In this webinar, Lori Aro and Cheryl Heiner of PacBio describe how high-throughput amplicon sequencing using Single Molecule, Real-Time (SMRT) Sequencing and the Sequel System allows for the easy and…
In this webinar, Jenny Ekholm and Paul Kotturi provide an overview of the PacBio No-Amp targeted sequencing application and its uses for targeting hard-to-amplify genes. This approach couples CRISPR-Cas9 with…
Jeremy Schmutz discusses the increased throughput and reduced project costs using HiFi reads from the PacBio Sequel II System in his work sequencing, assembling, and analyzing a variety of genomes…
The release of the PacBio Sequel II System in 2019 brought dramatic throughput improvements and protocols for producing a new data type, highly accurate long reads or HiFi reads. PacBio…
Video Poster: A new approach to Thalassemia and Ataxia carrier screening panels using CRISPR-Cas9 enrichment and long-read sequencing
Although PCR is a cost-effective way to enrich for genomic regions of interest for DNA sequencing, amplifying regions with extreme GC-content and long stretches of short tandem repeat (STR) sequences…
Characterization of Reference Materials for Genetic Testing of CYP2D6 Alleles: A GeT-RM Collaborative Project.
Pharmacogenetic testing increasingly is available from clinical and research laboratories. However, only a limited number of quality control and other reference materials currently are available for the complex rearrangements and rare variants that occur in the CYP2D6 gene. To address this need, the Division of Laboratory Systems, CDC-based Genetic Testing Reference Material Coordination Program, in collaboration with members of the pharmacogenetic testing and research communities and the Coriell Cell Repositories (Camden, NJ), has characterized 179 DNA samples derived from Coriell cell lines. Testing included the recharacterization of 137 genomic DNAs that were genotyped in previous Genetic Testing Reference Material Coordination Program studies and 42 additional samples that had not been characterized previously. DNA samples were distributed to volunteer testing laboratories for genotyping using a variety of commercially available and laboratory-developed tests. These publicly available samples will support the quality-assurance and quality-control programs of clinical laboratories performing CYP2D6 testing.Published by Elsevier Inc.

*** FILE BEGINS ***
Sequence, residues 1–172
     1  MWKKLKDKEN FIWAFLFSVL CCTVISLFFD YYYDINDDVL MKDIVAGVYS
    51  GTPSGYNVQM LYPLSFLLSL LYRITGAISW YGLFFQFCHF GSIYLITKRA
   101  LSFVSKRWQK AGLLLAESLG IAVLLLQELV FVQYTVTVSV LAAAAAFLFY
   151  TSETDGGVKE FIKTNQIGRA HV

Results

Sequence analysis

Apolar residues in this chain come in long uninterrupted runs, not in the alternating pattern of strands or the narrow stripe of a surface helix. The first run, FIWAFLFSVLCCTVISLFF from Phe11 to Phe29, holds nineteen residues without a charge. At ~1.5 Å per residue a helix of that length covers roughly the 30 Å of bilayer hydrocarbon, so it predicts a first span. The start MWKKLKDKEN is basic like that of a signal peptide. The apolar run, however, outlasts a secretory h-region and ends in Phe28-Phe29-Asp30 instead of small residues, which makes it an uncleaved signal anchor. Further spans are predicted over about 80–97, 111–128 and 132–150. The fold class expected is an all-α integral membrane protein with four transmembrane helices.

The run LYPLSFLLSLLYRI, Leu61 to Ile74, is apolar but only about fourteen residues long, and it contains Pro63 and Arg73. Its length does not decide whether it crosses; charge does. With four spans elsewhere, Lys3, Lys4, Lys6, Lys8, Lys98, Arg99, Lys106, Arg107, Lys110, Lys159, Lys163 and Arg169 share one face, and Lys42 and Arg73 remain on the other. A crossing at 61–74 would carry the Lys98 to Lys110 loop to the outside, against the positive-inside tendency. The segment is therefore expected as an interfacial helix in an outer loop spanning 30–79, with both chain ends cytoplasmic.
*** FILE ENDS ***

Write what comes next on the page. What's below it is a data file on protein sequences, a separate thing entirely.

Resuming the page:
Existing long-read assemblers require tens of thousands of CPU hours to assemble a human genome and are being outpaced by sequencing technologies in terms of both throughput and cost. We developed a novel long-read assembler wtdbg2 that, for human data, is tens of times faster than published tools while achieving comparable contiguity and accuracy. It represents a significant algorithmic advance and paves the way for population-scale long-read assembly in future.
RADAR-seq: A RAre DAmage and Repair sequencing method for detecting DNA damage on a genome-wide scale.
RAre DAmage and Repair sequencing (RADAR-seq) is a highly adaptable sequencing method that enables the identification and detection of rare DNA damage events for a wide variety of DNA lesions at single-molecule resolution on a genome-wide scale. In RADAR-seq, DNA lesions are replaced with a patch of modified bases that can be directly detected by Pacific Biosciences Single Molecule Real-Time (SMRT) sequencing. RADAR-seq enables dynamic detection over a wide range of DNA damage frequencies, including low physiological levels. Furthermore, without the need for DNA amplification and enrichment steps, RADAR-seq provides sequencing coverage of damaged and undamaged DNA across an entire genome. Here, we use RADAR-seq to measure the frequency and map the location of ribonucleotides in wild-type and RNaseH2-deficient E. coli and Thermococcus kodakarensis strains. Additionally, by tracking ribonucleotides incorporated during in vivo lagging strand DNA synthesis, we determined the replication initiation point in E. coli, and its relation to the origin of replication (oriC). RADAR-seq was also used to map cyclobutane pyrimidine dimers (CPDs) in Escherichia coli (E. coli) genomic DNA exposed to UV-radiation. On a broader scale, RADAR-seq can be applied to understand formation and repair of DNA damage, the correlation between DNA damage and disease initiation and progression, and complex biological pathways, including DNA replication.Copyright © 2019 The Authors. Published by Elsevier B.V. All rights reserved.